Undergraduates Underwhelmed by Job Market

![Many recent college graduates are going into public service such as the Peace Corps. (Heng Sinith/AP Photo)](/content/uploads/JobsPeaceCorbs.jpg)
Many recent college graduates are going into public service such as the Peace Corps. (Heng Sinith/AP Photo)
In the next few weeks, high school seniors will be receiving their admissions offers. Although they’re probably chewing off their fingernails in anxious anticipation, the next four years for them are essentially set. They’re going to college. There, they can hibernate from the gloomy economy. Yes, some will have to take out loans and do work study to pay for their educations. But for the most part, college will be a care-free vacation from the real world. It will be a time when they can sit back, drink beer and absorb Obama’s hopeful rhetoric.

But for us college seniors suddenly facing the terrifying prospect of graduation, life isn’t so peachy. After graduation, many of us seniors don’t know exactly what to do with our lives, though we know that we have to do something. Sitting on the couch watching re-runs of The Office isn’t an option, especially after spending tens to hundreds of thousands of dollars for an education.

In years past, seniors usually applied for a bunch of jobs that seemed either practical or interesting and then accepted the best offer. Many fell into their first jobs. But falling gave them direction. That first job opened opportunities, created networks, and provided insights into what kind of work they really wanted to do or didn’t want to do for the rest of their lives.

Now, however, college graduates are falling aimlessly without any job prospects to direct them. We don’t know what we want to do, and there aren’t many opportunities to help us figure it out. Yes, there are some job prospects, but most of them are unskilled or in the technological or engineering fields. When I perused Stanford’s career website, I found listings for software engineers, application engineers, hospital clerks, and knitting specialists. But what are social science and humanities majors to do?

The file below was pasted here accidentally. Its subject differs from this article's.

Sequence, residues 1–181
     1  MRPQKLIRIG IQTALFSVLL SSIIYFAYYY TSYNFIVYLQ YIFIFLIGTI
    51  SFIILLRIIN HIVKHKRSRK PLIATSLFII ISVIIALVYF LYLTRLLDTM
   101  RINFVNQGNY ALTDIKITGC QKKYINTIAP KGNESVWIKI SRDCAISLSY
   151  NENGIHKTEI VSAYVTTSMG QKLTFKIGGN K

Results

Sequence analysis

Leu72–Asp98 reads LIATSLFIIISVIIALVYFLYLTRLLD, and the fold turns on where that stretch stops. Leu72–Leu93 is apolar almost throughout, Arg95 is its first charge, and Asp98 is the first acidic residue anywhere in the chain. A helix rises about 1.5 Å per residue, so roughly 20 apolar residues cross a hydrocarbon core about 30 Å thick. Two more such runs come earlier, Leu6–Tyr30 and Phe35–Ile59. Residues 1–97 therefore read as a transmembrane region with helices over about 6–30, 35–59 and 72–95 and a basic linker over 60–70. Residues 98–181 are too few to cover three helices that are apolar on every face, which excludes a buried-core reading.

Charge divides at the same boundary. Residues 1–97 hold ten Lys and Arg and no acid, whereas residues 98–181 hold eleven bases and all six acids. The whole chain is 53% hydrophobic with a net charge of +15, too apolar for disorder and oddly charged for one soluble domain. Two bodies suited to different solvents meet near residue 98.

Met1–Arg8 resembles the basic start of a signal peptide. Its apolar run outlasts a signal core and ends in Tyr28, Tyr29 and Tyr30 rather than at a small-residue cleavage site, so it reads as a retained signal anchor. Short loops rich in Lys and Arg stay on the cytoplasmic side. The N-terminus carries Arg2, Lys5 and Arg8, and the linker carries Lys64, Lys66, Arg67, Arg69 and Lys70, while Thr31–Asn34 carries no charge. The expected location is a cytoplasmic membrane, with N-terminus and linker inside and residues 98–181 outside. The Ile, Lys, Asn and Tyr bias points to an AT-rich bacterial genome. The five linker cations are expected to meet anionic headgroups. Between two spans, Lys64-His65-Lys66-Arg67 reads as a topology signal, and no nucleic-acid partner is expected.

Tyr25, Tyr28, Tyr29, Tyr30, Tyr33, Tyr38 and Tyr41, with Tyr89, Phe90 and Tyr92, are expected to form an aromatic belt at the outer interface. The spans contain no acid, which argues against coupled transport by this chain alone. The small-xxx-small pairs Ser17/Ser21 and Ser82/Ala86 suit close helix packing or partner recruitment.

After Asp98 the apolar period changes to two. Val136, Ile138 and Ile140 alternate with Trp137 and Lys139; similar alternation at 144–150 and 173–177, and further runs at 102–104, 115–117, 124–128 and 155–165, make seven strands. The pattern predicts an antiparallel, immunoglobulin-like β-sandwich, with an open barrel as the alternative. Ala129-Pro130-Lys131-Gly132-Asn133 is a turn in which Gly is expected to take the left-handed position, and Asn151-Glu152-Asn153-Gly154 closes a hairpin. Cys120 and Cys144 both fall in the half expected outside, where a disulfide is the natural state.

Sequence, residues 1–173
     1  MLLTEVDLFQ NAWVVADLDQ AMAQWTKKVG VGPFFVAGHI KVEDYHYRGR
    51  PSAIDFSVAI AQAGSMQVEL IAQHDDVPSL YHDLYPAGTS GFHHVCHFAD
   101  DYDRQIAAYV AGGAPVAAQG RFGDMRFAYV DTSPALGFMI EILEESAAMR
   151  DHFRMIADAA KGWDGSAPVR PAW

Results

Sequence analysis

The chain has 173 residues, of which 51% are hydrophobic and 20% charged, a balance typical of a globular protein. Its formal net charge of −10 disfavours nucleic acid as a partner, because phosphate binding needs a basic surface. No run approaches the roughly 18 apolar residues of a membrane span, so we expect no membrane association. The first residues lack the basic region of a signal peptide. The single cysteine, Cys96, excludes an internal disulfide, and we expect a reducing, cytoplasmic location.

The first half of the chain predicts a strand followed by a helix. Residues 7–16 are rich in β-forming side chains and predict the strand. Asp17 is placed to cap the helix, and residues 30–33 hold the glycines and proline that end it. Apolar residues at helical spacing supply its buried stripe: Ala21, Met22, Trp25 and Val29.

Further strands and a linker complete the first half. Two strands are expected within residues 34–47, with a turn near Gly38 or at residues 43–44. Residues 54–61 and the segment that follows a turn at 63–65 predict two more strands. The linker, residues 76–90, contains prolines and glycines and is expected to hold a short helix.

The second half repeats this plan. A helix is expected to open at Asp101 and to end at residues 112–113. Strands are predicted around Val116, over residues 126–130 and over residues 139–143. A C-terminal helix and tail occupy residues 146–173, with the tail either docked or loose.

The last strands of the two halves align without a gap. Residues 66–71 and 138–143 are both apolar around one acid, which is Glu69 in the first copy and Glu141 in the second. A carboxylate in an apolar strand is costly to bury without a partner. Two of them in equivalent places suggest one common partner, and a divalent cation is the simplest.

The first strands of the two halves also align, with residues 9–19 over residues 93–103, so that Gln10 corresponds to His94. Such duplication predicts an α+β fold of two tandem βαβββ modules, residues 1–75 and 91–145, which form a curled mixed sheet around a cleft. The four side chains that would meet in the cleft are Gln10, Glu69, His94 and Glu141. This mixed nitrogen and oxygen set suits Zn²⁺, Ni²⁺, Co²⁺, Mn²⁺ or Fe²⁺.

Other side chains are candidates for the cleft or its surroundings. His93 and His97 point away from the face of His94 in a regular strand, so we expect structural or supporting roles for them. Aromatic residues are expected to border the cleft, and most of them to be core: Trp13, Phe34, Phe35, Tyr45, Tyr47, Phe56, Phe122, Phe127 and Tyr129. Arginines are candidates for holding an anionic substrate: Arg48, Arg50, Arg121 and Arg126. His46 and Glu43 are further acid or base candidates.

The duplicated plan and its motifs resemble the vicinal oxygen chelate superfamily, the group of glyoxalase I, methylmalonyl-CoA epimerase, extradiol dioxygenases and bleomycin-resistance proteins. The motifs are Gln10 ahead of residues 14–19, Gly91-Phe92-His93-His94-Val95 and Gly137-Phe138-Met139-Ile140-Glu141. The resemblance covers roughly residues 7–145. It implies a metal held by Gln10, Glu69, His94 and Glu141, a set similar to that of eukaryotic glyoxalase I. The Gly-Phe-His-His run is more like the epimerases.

Many are turning to jobs in AmeriCorps and the Peace Corps as fall-backs. This year, Teach for America and Peace Corps experienced respectively a 42 percent and 16 percent increase in applications. In the past four months, AmeriCorps has seen a record increase of 400 percent. But the increased competition for a limited number of positions means that even qualified applicants are getting rejected from organizations that were once begging for them. I know students at Stanford with near 4.00 GPAs who were rejected by Teach for America.

Not to fear, however. The US government is coming to the rescue. President Obama has proposed a $241 million increase for AmeriCorps. On Wednesday, the House passed a bill that would expand AmeriCorps from 75,000 to 250,000 volunteers and create a new service corps to work in low-income communities. No wonder young people adore Obama. You have to love the hand that feeds you.

It’s now becoming clear how Obama plans to save or create 2.5 million jobs. They’re going to be government jobs; paid for and created by the government. From AmeriCorps volunteers to healthcare regulators, many of us are going to end up on the government’s payroll. According to the Bureau of Labor Statistics, in 2008 government jobs increased by nearly 150,000 while the private sector lost about 3.65 million jobs. In January and February, the government added another 40,000 jobs. To accomplish the goals in Obama’s budget, Heritage Foundation estimates that the government would need to add 450,000 new jobs.

Though we young people may have once turned up our noses at government jobs, we can’t any longer. They are some of the most secure jobs out there. Both my 24 year old sister and dad work for the government. Their jobs are comfortable and flexible. They have great benefits. As my sister noted, why work sixty hours a week in a high-stress job when you can work forty hours a week in a comfortable, well-paying government sinecure?

Government jobs are becoming more attractive and abundant (at least outside of California), particularly to the young and unemployed. Perhaps the only thing scarier than the current job market is a job market dominated by government jobs.

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